BRITISH stocks are likely to outperform in the next few years — especially in the small and mid-cap sector — even though the UK is likely to be one of the first major economies to start tightening fiscal and monetary policy.
As major developed nations emerge from Covid restrictions — and spending and inflation picks up — domestic focused companies on the UK bourse are likely to outperform, says Clive Beagles, senior fund manager at Pendal Group’s UK based asset manager J O Hambro.
“You get more of the domestic stocks in the mid and small cap part of the market,” he explains.
“Valuations in that part of the market are undemanding and it feels like there’s an awful lot of internally generated momentum.
“On top of that, the UK market is undervalued more generally, and we expect the currency to firm particularly if Britain is going to be early in the tapering cycle.
“And there’s still quite a healthy pipeline of mergers and acquisitions.
All of these things mean the UK should outperform. It has been doing so already … but more by stealth. And I expect it to keep doing so.”
Watching what happens on London’s FTSE is more than trying to pick winners. It’s also a guide for other markets.
The United Kingdom led global markets — including Australia — into the COVID pandemic with high infection rates.
It’s also coming out first, with the economy broadly re-opened. As Australian states push to hit vaccination targets, thereby allowing reopening of economies, the UK is several months ahead, with two-thirds of the British population now fully vaccinated.
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While the Australian economy came to a suddering halt this quarter, the UK is expanding quickly — so quickly that the government has introduced tax hikes.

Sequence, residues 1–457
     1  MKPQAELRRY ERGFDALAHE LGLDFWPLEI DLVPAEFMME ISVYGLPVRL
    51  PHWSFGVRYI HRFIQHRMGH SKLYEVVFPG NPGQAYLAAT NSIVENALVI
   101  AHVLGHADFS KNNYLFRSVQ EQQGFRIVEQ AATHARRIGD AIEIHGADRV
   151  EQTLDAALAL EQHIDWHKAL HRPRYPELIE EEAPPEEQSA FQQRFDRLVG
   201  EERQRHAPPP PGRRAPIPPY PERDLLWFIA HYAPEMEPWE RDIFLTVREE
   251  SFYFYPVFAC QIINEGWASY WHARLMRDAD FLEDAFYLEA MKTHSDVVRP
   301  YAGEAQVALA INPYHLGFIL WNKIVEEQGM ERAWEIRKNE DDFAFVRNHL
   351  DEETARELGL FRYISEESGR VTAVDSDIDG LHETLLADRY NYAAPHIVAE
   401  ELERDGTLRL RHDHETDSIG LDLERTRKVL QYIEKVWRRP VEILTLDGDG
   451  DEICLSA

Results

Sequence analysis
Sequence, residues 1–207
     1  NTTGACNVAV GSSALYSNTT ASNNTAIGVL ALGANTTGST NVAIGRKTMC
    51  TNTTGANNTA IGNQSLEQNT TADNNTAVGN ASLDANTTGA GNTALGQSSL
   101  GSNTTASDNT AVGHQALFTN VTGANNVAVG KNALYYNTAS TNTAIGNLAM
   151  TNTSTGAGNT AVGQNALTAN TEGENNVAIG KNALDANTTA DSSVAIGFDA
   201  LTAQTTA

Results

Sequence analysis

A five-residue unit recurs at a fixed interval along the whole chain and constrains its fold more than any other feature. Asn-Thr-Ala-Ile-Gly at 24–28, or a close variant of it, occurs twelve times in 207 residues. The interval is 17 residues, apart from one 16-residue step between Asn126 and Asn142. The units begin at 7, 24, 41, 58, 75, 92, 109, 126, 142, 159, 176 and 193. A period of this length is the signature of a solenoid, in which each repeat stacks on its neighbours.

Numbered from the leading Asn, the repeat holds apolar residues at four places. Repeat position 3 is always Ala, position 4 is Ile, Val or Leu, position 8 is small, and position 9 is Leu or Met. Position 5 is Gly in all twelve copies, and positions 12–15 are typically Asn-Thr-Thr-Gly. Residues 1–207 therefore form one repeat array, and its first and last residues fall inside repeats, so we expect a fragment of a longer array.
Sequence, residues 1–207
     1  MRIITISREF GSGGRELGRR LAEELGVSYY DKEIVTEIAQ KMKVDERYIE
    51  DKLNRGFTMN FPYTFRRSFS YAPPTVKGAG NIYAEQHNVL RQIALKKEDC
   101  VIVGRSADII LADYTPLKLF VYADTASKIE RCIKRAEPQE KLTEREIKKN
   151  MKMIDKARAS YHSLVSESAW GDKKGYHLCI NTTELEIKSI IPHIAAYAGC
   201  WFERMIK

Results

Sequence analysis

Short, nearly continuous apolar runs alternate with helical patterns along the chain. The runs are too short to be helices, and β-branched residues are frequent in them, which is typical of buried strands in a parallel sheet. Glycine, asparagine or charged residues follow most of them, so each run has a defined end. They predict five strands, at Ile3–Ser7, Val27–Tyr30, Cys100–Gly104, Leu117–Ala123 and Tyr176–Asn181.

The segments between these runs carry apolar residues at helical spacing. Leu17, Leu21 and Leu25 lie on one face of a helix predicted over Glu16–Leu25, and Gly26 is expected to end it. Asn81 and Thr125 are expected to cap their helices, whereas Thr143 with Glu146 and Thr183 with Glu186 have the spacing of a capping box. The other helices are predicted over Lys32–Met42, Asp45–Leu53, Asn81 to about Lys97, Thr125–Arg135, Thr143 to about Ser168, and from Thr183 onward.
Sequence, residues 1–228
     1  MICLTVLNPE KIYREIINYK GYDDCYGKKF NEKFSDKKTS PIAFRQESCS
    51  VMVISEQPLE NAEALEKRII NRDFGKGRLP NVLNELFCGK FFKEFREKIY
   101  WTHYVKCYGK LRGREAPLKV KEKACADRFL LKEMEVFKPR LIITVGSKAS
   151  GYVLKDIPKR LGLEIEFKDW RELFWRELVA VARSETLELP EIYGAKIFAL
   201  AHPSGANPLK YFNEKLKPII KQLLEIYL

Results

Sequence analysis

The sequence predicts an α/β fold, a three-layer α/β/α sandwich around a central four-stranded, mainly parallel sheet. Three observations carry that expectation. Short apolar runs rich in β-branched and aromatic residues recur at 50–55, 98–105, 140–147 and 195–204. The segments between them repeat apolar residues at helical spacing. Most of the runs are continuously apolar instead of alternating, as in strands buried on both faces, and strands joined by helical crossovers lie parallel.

“By announcing an increase in the national insurance contribution, the UK became the first Western government to start shifting towards balancing the books,” Beagles says.
And the Bank of England is sounding more hawkish.
In its most recent monetary policy summary last month, the central bank said while inflationary forces were most likely transitory, the economy “is projected to experience a more pronounced period of above-inflation in the near term”.
It’s not surprising that the government and central bank want to make fiscal and monetary policy “less loose” given real economic growth is expected to be around 7 per cent over the next couple of years, Beagle says.
“That has to impact how policy makers are thinking. We’ve had input inflation and now we’ve got a really tight labour market that that will feed into wage inflation. That will be stickier and harder to reduce.”
But Beagles is not concerned that any tightening of policy will dramatically hit the British equity market in the next couple of years.
“Consumer spending makes up quite a large proportion of the UK economy … because it is a mature economy and a services economy. In that regard, the level of employment and the taxes that generates will be more important than whether the marginal tax rate has gone up a per cent tor two.”
Also, the government has put in place incentives for businesses over the next two years.
“We definitely expect to see business investment picking up,” Beagle says. “Those two things together mean you’re looking at strong real GDP growth. And that should support the market for the next couple of years.”
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